13 While Xerxes was confounded at his disaster, and doubtful what course to pursue, Mardonius addressed him, advising him “to return home to his kingdom, lest fame, carrying the news of his defeat, and exaggerating every thing according to her custom, should occasion any sedition in his absence; and to leave with him three hundred thousand men-at-arms, chosen from the whole army, with which force he would either subdue Greece to the king’s glory, or, if the result should prove unfavourable, would retire before the enemy without dishonour to him.” Mardonius’s suggestion being approved, the force which he requested was given him, and the king prepared to return home with the rest of the army. The Greeks, hearing of his flight, formed a design to break down the bridge, which, as conqueror of the sea, he had made at Abydos; so that, his retreat being cut off, he might either be destroyed with his army, or might be forced, by the desperate state of his affairs, to sue for peace. But Themistocles, fearing that the enemy, if they were stopped, might take courage from despair, and open by their swords a passage not to be opened by other means, and observing that “there were enemies enough left in Greece, and that the number ought not to be increased by preventing their escape,” but finding that he was unable to move his countrymen by his admonitions, despatched the same slave as before to Xerxes, acquainting him of the intention of the Greeks to break down the bridge, and urging him to secure a passage by a speedy flight. Xerxes, alarmed at the message, left his army to be conducted by his generals, and hurried away himself, with a few attendants, to Abydos; where, having found the bridge broken down by the winter storms, he crossed in the utmost trepidation in a fishing-boat. It was a sight worth contemplation for judging of the condition of man,22 so wonderful for its vicissitudes, to see him shrinking down in a little boat, whom shortly before the whole ocean could scarcely contain; to behold him wanting servants to attend him, whose armies had burdened the earth with their numbers! Nor had the land-forces, which he had committed to his generals, it more fortunate retreat; for to their daily fatigue (and there is no rest to men in fear) was added the want of provisions. A famine of several days produced also a pestilential distemper; and so dire was the mortality, that the roads were filled with dead bodies; and birds and beasts of prey, allured by the attraction of food, followed close upon the army.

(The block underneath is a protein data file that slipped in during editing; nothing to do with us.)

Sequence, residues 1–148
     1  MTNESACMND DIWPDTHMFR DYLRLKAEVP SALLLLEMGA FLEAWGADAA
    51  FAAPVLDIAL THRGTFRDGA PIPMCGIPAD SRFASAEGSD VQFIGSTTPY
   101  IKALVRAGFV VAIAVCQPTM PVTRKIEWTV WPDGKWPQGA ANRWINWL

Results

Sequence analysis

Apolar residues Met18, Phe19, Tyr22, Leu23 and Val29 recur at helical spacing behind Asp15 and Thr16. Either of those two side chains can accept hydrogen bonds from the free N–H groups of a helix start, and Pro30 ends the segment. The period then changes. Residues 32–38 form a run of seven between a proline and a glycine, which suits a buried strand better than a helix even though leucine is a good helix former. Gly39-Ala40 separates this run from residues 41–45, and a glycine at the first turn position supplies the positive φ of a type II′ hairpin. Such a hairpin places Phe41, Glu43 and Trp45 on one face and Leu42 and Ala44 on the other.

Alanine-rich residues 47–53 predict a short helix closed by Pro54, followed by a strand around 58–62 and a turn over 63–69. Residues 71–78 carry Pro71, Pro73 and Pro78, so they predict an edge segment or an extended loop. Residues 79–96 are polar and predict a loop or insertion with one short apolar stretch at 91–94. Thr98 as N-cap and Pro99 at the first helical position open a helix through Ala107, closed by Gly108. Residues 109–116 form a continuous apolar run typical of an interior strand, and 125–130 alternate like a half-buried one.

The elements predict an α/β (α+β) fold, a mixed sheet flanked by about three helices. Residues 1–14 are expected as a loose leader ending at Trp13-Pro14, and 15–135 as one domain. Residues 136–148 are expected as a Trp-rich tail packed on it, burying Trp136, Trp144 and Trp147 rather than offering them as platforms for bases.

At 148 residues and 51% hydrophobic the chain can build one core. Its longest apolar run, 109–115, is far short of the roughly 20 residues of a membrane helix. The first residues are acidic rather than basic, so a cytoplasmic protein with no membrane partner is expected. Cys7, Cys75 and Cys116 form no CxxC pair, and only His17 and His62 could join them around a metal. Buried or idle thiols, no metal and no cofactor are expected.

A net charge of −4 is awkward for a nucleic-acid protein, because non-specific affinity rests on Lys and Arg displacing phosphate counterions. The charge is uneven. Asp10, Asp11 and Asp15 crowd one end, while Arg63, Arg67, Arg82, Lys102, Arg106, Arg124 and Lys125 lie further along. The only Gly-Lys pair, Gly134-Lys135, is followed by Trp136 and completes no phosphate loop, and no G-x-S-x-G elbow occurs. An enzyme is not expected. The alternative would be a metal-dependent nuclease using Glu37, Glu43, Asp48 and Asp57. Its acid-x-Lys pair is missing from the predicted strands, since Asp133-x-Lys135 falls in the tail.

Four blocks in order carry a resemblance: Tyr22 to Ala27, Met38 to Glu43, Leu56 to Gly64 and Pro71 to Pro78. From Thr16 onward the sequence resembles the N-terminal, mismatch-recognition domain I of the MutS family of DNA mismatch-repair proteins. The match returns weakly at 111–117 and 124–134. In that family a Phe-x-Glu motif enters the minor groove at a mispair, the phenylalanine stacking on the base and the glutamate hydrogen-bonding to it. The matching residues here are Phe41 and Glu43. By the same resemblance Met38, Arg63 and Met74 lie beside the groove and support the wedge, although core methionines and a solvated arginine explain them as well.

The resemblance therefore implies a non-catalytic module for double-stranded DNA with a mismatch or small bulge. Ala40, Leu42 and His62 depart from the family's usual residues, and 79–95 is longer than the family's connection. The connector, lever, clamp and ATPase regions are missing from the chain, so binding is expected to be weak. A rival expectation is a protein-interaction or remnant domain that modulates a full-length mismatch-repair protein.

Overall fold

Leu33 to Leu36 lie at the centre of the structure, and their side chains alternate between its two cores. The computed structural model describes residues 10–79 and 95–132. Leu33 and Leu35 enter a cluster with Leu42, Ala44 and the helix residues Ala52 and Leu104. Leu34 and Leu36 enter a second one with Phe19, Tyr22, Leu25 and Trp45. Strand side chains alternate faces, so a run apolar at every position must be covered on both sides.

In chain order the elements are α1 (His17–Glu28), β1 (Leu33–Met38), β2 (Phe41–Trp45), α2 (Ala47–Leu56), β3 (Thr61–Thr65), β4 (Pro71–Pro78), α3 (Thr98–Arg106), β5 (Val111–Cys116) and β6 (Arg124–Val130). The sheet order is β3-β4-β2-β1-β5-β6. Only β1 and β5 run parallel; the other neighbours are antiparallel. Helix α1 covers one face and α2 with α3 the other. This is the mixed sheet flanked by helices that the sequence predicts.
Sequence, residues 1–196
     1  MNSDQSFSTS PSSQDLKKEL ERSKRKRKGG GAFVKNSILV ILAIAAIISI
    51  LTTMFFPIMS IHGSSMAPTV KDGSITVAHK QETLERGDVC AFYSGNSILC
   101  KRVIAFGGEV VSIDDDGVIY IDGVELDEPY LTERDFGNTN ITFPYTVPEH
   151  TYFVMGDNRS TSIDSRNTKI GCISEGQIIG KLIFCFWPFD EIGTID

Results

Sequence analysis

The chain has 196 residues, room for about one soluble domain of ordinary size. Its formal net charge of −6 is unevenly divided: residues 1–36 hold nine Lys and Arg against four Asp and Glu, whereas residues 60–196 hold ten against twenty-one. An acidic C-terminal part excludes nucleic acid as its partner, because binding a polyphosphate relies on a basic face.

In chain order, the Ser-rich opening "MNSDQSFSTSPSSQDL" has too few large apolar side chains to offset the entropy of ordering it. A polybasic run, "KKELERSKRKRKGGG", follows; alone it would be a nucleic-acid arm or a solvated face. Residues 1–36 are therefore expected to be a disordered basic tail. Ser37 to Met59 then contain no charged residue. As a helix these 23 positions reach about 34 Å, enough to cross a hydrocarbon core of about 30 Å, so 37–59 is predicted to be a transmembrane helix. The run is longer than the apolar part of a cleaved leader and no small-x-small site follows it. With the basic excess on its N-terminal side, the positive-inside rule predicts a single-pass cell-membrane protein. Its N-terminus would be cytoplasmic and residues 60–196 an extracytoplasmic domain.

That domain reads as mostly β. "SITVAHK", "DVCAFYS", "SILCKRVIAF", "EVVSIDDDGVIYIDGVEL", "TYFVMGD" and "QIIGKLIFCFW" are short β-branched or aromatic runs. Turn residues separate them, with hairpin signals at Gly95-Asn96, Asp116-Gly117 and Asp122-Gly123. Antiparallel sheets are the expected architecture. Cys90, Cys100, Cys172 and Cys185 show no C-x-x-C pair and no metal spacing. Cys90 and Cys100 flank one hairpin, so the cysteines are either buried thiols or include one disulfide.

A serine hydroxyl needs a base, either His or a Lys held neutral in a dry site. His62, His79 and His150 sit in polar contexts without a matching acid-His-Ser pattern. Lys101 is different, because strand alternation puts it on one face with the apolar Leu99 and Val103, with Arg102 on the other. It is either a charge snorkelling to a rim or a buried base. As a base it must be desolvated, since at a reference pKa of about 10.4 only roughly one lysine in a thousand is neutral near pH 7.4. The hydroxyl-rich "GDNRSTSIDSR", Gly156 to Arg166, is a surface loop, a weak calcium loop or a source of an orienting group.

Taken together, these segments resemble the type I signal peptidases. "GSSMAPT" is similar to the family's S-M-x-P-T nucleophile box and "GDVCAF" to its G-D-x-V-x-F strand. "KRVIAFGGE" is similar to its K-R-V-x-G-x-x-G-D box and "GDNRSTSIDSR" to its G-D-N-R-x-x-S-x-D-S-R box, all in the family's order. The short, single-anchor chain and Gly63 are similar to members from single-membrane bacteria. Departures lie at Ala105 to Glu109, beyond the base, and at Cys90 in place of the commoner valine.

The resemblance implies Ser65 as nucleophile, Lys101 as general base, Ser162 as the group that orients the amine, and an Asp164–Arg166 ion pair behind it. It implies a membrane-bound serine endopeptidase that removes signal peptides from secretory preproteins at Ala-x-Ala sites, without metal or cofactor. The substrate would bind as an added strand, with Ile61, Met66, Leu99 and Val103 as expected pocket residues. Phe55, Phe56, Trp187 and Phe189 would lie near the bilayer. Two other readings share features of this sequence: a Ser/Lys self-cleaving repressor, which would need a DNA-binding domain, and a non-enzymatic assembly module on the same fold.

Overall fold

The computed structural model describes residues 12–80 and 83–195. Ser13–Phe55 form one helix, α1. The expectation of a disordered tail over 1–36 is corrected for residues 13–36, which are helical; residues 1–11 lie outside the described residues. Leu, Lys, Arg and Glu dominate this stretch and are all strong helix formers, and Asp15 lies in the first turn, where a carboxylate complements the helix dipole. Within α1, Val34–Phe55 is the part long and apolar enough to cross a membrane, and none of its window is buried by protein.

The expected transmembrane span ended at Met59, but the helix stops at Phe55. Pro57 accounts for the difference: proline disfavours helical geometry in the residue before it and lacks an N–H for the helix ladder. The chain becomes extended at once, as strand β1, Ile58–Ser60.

14 In Greece, in the meantime, Mardonius took Olynthus by storm. He also invited the Athenians to listen to offers of peace, and of the king’s friendship; promising to rebuild their city, which had been burnt, in greater splendour than before. But when he saw that they would not sell their liberty at any rate, he set fire to what they had begun to rebuild, and led off his army into Boeotia. Thither the army of the Greeks, which consisted of a hundred thousand men, followed him, and there a battle was fought. But the fortune of the king was not changed with the general; for Mardonius, being defeated, escaped, as it were from a shipwreck, with but a small number of followers. His camp, which was filled with the king’s treasures, was taken; and hence it was, on the division of the Persian gold among them, that the charms of wealth first attracted the Greeks. By chance, on the same day on which the army of Mardonius was defeated, an engagement was fought by sea near the mountain Mycale, on the coast of Asia. Before the encounter began, and whilst the fleets stood opposite one another, a rumour spread through both parties, that the Greeks had gained a victory, and that the army of Mardonius was utterly destroyed. It is said that so great was the speed of this report, that when the battle was fought in Boeotia in the morning, the news of the victory arrived in Asia by noon, passing over so much sea, and so large a space of ground, in so very short a time. When the war was over, and they proceeded to consider the respective merits of the cities that had been engaged in it, the bravery of the Athenians was praised above that of any other people. Among the leaders too, Themistocles, being pronounced the most meritorious by the judgment of the several states, added greatly to the glory of his country.